## Paul Johnson
## 2013-04-11
## regression-quadratic-1.R
##
## Explore quadratic regression. Explain ways to fit that in R.
## Demonstrates use of predict, newdata, and R's poly() function.
##
## From now on, anybody who wants help with quadratic regressions,
## well, has to run this through R. And read a lot of pithy comments.
## Manufacture some data.
set.seed(444532)
x3sd <- 0.5
dat <- data.frame(x1 = rnorm(200),
x2 = rnorm(200, s = 1),
x3 = rnorm(200, m = 1, s = x3sd))
b0 <- 0.4
b1 <- 0.7
b2 <- 1.5
b3 <- -0.9
b4 <- 1.4
d <- 2
stde <- 1.5
dat$y <- with(dat,
b0 + b1 * x1 + b2 * x2 + b3 * x3 + b4 * x3^2 + rnorm(200, s = stde))
## That has a very minor curvature in it. The key coefficient
## here is b4 = 1.4, meaning we have a U-shaped curve in x3.
## Plot just the quadratic part, to get the feeling. Note the plotmath.
## Only try that on a closed course with a trained driver :)
quad <- function(x) b0 + b3 *x + b4 * x^2
curve(quad, from = -2, to = 2, xlab = "x3", ylab = substitute(y == A + B * x3 + C * x3^2, list(A = b0, B = b3, C = b4) ))
## Suppose you estimate a linear model
m0 <- lm(y ~ x1 + x2 + x3, data = dat)
summary(m0)
## Please note: just because your "p value" is "really great", it does
## not mean you have "the right" model.
## There's a little bit of nonlinearity, as in the residual plot
plot(m0, which = 1)
## Its tough to see, though.
termplot(m0, partial.resid = TRUE, terms = "x3")
## The "truth" is quadratic. We'd like to estimate
## b4, and there are many ways that this can be done.
##
## I'm going to show 4 ways, one of which is more strongly
## recommended, but, as we see, they are all really
## interchangeable.
## Method 1. The old fashioned way.
## Create a new variable x3square and insert that.
dat$x3square <- dat$x3 * dat$x3
m1 <- lm(y ~ x1 + x2 + x3 + x3square, data = dat)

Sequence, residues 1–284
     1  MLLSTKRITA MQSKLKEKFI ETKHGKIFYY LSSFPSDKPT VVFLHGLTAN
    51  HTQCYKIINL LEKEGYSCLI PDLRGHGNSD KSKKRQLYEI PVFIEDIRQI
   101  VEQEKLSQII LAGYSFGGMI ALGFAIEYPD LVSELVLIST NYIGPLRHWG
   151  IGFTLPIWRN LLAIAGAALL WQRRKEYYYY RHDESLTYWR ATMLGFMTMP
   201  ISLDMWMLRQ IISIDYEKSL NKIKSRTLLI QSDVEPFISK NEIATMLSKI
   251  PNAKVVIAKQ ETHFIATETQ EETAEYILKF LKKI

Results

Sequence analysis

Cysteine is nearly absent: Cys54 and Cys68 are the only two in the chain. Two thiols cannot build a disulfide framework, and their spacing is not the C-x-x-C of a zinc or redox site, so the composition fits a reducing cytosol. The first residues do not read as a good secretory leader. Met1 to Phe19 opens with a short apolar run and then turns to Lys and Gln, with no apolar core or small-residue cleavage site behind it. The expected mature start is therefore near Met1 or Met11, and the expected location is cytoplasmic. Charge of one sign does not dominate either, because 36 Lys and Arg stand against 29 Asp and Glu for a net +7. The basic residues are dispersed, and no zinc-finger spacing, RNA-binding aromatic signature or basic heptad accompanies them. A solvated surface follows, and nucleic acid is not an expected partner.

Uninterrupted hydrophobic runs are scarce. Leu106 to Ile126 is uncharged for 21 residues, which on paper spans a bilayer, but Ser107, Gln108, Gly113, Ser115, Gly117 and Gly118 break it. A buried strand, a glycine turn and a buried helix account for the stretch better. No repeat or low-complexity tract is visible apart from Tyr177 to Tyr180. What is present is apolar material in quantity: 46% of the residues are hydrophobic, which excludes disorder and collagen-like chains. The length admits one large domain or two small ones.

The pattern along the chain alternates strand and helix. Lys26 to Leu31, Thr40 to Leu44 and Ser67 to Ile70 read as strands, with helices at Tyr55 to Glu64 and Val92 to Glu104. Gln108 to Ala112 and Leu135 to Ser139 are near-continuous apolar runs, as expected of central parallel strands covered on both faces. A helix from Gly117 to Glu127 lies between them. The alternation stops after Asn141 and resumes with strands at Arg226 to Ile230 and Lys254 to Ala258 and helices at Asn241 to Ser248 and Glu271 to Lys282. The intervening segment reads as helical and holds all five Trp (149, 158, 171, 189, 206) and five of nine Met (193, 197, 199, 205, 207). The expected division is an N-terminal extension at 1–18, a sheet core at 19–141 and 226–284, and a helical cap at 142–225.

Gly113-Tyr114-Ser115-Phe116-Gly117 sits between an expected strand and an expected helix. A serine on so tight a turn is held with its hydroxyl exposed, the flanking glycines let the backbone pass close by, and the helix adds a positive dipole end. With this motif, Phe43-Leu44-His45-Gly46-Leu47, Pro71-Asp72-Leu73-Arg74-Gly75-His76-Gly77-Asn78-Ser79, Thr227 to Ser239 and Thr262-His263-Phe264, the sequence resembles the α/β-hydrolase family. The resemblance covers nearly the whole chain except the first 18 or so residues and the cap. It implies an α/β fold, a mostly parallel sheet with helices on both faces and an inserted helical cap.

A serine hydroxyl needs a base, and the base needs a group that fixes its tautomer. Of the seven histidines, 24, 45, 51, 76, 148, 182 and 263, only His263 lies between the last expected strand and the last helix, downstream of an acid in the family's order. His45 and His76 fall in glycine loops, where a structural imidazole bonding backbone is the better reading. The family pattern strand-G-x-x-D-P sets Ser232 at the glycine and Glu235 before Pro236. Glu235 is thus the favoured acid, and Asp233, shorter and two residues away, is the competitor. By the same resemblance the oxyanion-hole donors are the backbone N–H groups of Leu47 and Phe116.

summary(m1)
## I'll ask for variables one at a time so you see the problem.
## Interactively, I'd run this
## termplot(m1, partial.resid = TRUE)
## Now, I'm in a script, and I have to do:
termplot(m1, partial.resid = TRUE, terms = "x1")
termplot(m1, partial.resid = TRUE, terms = "x2")
termplot(m1, partial.resid = TRUE, terms = "x3")
termplot(m1, partial.resid = TRUE, terms = "x3square")
## You don't see much curve because the parts of
## x3 are separated into 2 columns, each of which
## is seen as a linear element in the regression.
## While we are here, look at the predictor "design matrix":
head(model.matrix(m1, 10))
## Method 2. Technically equivalent to Method 1. We can introduce
## the squared term and R will construct the equivalent of
## x3square for us, automatically.
## Method 2a. This is the most elementary way, it is the way new
## users always want to do it.
m2a <- lm(y ~ x1 + x2 + x3 + I(x3*x3), data = dat)
## same as
## m2a <- lm(y ~ x1 + x2 + x3 + I(x3^2), data = dat)
summary(m2a)
## Look at the predictor matrix:
head(model.matrix(m2a, 10))
## Method 2b. Introduced only to
## show the poly() function. The poly function can be "forced" to
## create same x3 and x3squared vectors by the raw = TRUE argument.
m2b <- lm(y ~ x1 + x2 + poly(x3, degree = d, raw = TRUE), data=dat)
summary(m2b)
## See? Same!
cbind(coef(summary(m2a))[, 1:2], coef(summary(m2b))[, 1:2])
## Look at the predictor matrix:
head(model.matrix(m2b, 10))
## Method 3. The R recommended method poly().
## We are recommended to use "orthogonal polynomials" instead.
## This is more numerically stable.
m3 <- lm(y ~ x1 + x2 + poly(x3, degree = d), data=dat)
summary(m3)
termplot(m3, partial.resid = TRUE, terms = "x1")
termplot(m3, partial.resid = TRUE, terms = "x2")
termplot(m3, partial.resid = TRUE, terms = "poly(x3, degree = d)")
## Look at the predictor matrix, you see the poly() created
## 2 columns:
head(model.matrix(m3, 10))
## Hypo test rejects m0, incidentally:
anova(m3, m0, test = "F")
## Coefficients look different, but that's an illusion.
## From a given combination of (x1, x2, x3), the predictions
## are exactly the same. See?
## Predicted values are identical.
cbind(m1$fitted, m2b$fitted, m3$fitted)
## That's not all. If you check the 95% CI's on the predicted values,
## or R^2, or anything logically comparable, they'll be same.
## Some people say it is very important to "mean center"
## the quadratic term. Lets do that, show it makes no
## difference whatsoever. x3c is mean centered:
dat$x3c <- scale(dat$x3, scale = FALSE) ## mean centered
m4 <- lm(y ~ x1 + x2 + x3c + I(x3c*x3c), data=dat)
summary(m4)
## Superficially better...
## Coefficients look different, but that's an illusion
## Predicted values are identical
head(cbind(m1$fitted, m2b$fitted, m3$fitted, m4$fitted))
## Can you explain?
## It is a known fact that the estimate of the squared term
## is the same with centered data, but the estimate of the
## linear term changes. This helps to overview that
library(memisc)
mtable(m1, m2b, m3, m4)
## Once you understand why that change happens, you will begin to see
## why poly() is so helpful.
## And, in case you wonder, this is one of the cases where x3 and x3^2
## are strongly correlated with one another.
cor(model.matrix(m1)[ ,-1])